This piece of art is part pointillism and part proximity illusion. The crayon points when viewed as a non-whole or close up – don’t resemble much besides crayon points. When you take this in as a whole, your brain fills in the blanks and gives you the whole picture.
Operating on this same principle, this popular ‘Marilyn or Einstein’ illusion looks like the disheveled inventor when you’re close up, but back away (or squint) and the classically beautiful actress comes through when you’re eyes aren’t focused on details.
The afterimage is an optical illusion that appears after you’ve stared at an image for a period of time (about 30 seconds) and then close your eyes or look at a white piece of paper afterwards. The rods and cones in your eyes lose sensitivity from over-stimulation, and for a short period afterwards, colors are interpreted as their paired primary color.
The Ebbinghaus illusion is named for the German psychologist who discovered it; the size and relative distance that makes the center circles appear different sizes, though they are the same. This is also known as ‘Titchener circles’ after Edward Titchener, who popularized this illusion in the early twentieth century.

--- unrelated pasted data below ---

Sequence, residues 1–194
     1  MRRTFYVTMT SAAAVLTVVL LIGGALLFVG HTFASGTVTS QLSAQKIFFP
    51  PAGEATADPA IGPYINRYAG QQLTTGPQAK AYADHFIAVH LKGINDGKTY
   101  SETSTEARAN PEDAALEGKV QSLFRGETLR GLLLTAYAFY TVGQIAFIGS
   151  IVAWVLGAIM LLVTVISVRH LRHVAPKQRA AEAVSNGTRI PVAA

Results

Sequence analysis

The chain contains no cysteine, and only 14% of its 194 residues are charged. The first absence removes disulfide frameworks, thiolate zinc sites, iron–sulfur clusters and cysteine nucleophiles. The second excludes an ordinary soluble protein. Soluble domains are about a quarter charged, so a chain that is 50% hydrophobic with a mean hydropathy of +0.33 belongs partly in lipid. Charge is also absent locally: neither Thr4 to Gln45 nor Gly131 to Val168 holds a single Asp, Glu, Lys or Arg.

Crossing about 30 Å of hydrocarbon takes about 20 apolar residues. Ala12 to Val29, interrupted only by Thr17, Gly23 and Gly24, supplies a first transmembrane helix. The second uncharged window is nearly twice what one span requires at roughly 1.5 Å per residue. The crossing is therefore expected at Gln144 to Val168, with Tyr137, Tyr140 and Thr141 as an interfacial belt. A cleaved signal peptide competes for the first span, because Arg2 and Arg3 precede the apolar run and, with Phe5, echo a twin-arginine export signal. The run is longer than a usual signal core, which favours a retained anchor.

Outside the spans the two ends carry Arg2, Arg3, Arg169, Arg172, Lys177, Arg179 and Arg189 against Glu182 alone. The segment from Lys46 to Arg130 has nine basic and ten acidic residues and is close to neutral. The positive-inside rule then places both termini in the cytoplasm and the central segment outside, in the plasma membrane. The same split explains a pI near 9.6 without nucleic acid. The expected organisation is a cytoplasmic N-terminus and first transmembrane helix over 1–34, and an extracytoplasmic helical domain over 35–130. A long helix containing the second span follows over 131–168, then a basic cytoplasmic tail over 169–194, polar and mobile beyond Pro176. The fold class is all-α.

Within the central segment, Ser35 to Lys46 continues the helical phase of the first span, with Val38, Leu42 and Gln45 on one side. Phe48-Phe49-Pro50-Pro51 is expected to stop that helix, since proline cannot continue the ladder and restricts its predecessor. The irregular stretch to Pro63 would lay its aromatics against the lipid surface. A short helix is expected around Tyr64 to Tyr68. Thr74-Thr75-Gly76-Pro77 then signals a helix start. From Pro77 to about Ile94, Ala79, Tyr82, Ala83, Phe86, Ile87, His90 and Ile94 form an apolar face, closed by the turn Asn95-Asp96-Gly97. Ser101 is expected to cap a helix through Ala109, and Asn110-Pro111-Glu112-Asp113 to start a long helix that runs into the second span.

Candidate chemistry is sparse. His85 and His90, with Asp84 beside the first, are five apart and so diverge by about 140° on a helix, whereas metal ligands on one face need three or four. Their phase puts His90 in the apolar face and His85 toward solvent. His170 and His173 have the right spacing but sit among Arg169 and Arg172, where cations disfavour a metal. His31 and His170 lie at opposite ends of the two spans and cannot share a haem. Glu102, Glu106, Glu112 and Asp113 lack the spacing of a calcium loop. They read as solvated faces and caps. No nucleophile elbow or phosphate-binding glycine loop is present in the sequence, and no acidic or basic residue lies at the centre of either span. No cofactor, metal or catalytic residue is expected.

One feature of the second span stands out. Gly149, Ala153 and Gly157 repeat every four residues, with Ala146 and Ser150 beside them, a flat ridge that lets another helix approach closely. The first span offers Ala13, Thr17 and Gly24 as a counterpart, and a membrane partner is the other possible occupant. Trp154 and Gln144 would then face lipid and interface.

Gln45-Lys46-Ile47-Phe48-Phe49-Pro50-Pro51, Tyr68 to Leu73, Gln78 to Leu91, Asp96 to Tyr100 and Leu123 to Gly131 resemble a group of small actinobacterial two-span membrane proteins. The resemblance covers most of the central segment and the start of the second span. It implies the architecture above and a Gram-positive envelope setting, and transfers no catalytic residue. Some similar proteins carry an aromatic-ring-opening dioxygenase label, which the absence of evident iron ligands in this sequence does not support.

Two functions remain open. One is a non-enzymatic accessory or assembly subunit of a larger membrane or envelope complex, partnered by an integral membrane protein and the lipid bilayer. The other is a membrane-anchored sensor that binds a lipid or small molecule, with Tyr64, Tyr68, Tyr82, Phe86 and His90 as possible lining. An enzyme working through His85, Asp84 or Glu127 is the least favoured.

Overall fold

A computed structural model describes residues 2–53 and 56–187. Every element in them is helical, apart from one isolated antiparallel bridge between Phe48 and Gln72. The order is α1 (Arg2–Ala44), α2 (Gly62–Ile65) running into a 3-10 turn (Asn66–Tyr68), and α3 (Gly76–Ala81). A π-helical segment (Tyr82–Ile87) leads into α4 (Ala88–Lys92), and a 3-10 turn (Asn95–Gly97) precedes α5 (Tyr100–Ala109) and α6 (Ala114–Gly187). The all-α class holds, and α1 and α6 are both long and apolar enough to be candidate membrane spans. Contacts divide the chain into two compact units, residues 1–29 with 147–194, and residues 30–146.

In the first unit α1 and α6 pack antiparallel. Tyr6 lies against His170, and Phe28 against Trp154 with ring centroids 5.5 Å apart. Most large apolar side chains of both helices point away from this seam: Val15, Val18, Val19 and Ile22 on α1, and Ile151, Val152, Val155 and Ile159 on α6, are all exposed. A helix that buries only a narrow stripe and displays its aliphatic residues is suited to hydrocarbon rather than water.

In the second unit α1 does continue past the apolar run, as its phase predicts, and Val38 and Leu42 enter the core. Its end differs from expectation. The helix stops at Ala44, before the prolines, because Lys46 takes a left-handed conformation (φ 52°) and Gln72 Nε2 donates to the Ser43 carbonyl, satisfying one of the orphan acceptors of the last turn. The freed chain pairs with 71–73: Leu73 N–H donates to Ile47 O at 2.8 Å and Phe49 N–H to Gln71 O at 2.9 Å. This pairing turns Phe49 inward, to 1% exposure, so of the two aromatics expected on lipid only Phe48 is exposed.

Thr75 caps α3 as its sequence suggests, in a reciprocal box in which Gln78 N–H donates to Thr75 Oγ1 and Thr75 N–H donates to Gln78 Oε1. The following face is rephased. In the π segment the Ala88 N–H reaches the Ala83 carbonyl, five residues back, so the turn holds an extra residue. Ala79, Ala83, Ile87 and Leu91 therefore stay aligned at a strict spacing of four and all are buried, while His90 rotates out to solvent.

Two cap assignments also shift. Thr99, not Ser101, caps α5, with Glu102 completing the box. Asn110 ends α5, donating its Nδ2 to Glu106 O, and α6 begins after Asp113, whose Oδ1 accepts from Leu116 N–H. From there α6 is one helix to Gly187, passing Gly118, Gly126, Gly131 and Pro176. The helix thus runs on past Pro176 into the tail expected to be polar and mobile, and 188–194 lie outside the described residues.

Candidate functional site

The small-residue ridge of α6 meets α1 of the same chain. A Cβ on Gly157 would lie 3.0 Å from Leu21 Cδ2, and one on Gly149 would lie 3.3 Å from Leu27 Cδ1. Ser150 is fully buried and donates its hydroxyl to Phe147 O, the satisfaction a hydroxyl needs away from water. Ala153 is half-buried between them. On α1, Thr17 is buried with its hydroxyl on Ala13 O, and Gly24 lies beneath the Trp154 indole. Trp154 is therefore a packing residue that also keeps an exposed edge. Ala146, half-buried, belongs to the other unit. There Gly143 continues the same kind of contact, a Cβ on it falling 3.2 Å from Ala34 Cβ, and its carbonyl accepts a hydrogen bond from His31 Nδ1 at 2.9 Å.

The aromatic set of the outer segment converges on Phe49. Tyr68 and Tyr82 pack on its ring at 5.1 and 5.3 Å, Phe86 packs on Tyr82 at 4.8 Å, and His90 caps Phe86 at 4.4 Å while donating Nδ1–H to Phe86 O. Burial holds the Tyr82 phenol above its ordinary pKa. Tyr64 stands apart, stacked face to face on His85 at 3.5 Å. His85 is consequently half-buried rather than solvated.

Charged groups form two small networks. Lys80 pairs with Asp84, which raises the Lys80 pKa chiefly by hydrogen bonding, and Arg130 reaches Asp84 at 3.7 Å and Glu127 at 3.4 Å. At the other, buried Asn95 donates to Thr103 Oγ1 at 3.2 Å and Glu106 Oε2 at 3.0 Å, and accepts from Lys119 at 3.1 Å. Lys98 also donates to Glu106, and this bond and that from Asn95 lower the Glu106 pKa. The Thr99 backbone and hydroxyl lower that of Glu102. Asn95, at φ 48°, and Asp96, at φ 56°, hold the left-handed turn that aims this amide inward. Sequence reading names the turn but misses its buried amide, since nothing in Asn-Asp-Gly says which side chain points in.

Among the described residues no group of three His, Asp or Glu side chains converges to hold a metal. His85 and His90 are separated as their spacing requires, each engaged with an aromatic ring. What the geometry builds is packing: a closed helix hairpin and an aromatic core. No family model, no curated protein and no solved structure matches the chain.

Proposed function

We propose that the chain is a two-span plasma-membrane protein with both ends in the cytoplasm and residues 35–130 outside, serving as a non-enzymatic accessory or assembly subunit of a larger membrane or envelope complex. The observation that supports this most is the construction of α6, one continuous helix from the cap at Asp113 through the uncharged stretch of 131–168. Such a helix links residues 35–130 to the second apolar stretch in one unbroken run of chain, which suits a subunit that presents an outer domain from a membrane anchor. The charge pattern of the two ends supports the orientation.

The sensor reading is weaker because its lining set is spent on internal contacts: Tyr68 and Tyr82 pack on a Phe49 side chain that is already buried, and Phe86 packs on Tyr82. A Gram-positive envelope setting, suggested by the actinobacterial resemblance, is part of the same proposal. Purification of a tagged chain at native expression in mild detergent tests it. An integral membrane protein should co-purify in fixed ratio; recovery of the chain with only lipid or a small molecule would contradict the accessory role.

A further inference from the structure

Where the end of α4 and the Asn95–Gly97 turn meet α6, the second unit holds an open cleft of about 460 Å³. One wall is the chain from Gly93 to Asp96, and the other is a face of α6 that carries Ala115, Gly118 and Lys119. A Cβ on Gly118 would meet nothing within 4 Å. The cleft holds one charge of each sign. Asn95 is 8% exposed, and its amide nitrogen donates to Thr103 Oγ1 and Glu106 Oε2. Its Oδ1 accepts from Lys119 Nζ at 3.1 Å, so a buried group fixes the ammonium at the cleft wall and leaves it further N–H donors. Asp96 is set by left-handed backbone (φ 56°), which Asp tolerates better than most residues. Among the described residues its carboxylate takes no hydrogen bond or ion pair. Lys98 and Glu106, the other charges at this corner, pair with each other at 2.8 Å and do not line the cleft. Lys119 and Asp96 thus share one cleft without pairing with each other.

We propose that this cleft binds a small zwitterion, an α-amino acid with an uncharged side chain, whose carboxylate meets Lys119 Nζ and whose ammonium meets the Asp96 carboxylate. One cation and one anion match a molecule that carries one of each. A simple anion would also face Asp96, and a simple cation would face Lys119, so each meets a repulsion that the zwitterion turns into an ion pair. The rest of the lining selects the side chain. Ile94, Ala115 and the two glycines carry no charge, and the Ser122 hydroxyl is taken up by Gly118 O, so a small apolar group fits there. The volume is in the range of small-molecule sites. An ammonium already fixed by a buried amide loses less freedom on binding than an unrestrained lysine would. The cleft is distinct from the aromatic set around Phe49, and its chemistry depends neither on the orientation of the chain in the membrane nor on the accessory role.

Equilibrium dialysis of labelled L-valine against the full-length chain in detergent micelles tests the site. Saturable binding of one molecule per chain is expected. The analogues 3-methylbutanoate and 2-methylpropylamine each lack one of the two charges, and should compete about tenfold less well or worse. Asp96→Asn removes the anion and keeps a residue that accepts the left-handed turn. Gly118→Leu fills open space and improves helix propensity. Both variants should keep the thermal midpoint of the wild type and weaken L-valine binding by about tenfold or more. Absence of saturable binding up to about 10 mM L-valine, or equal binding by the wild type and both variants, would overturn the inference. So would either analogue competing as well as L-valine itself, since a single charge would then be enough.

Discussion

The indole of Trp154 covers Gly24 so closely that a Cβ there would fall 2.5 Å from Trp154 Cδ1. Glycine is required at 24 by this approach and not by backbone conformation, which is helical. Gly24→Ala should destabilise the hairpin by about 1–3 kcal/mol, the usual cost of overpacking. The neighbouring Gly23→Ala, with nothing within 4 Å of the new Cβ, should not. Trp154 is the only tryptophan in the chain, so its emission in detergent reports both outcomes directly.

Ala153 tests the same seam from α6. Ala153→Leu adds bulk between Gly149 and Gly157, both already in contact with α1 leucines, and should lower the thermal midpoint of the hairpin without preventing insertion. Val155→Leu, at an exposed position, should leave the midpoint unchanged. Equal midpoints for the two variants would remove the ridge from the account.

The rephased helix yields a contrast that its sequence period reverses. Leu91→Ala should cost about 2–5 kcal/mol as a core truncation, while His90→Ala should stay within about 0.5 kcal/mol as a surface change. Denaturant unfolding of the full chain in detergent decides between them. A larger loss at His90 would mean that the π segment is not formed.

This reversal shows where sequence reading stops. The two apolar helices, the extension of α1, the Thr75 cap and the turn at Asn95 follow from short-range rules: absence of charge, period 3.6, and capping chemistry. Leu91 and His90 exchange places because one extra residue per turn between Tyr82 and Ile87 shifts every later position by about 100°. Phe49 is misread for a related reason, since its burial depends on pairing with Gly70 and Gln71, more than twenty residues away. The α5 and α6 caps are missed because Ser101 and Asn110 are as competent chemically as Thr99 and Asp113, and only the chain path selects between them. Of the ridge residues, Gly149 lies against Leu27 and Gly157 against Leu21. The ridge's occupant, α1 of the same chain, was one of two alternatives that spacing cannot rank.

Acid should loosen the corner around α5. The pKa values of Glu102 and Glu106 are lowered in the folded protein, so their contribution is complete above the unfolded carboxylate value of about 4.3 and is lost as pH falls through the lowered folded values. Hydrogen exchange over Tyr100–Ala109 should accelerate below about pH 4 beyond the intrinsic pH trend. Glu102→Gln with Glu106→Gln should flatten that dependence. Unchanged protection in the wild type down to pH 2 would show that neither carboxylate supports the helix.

Regionally speaking, your brain tries to use two different areas simultaneously when identifying color and looking at words. Try looking at these and say the color of each word, not reading what the word says.
As you stare into the black dot in the middle, the brain adjusts for its surroundings and erases all the fluff around the edges. This is called Troxler’s effect, and shows what amazing things extreme focus can do!
Receptor cells that absorb the information provided by both the white lines and the black squares collide, transmitting faulty data to the brain. This optical illusion is called a Hermann grid, after Ludimar Hermann who discovered it in the 19th century.
What if I told you that the green dot you see when focusing in the middle only exists in your head? This is a combination of Troxler’s effect and the overstimulation of rods and cones that cause colors to be reinterpreted as their primary pairing; in this case magenta to light green.